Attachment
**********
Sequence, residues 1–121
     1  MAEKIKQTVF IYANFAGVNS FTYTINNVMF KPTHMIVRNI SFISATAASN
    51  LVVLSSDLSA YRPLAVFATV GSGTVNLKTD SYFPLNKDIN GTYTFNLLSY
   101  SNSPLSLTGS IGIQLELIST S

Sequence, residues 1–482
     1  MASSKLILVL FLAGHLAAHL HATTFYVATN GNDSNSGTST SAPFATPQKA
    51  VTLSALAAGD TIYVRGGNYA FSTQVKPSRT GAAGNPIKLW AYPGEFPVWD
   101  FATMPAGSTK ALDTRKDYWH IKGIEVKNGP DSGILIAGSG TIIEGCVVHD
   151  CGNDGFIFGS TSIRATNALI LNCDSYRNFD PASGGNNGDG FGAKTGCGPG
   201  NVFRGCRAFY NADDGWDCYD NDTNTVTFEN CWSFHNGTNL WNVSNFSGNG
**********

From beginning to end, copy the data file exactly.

Sequence, residues 1–121
     1  MAEKIKQTVF IYANFAGVNS FTYTINNVMF KPTHMIVRNI SFISATAASN
    51  LVVLSSDLSA YRPLAVFATV GSGTVNLKTD SYFPLNKDIN GTYTFNLLSY
   101  SNSPLSLTGS IGIQLELIST S

Sequence, residues 1–482
     1  MASSKLILVL FLAGHLAAHL HATTFYVATN GNDSNSGTST SAPFATPQKA
    51  VTLSALAAGD TIYVRGGNYA FSTQVKPSRT GAAGNPIKLW AYPGEFPVWD
   101  FATMPAGSTK ALDTRKDYWH IKGIEVKNGP DSGILIAGSG TIIEGCVVHD
   151  CGNDGFIFGS TSIRATNALI LNCDSYRNFD PASGGNNGDG FGAKTGCGPG
   201  NVFRGCRAFY NADDGWDCYD NDTNTVTFEN CWSFHNGTNL WNVSNFSGNG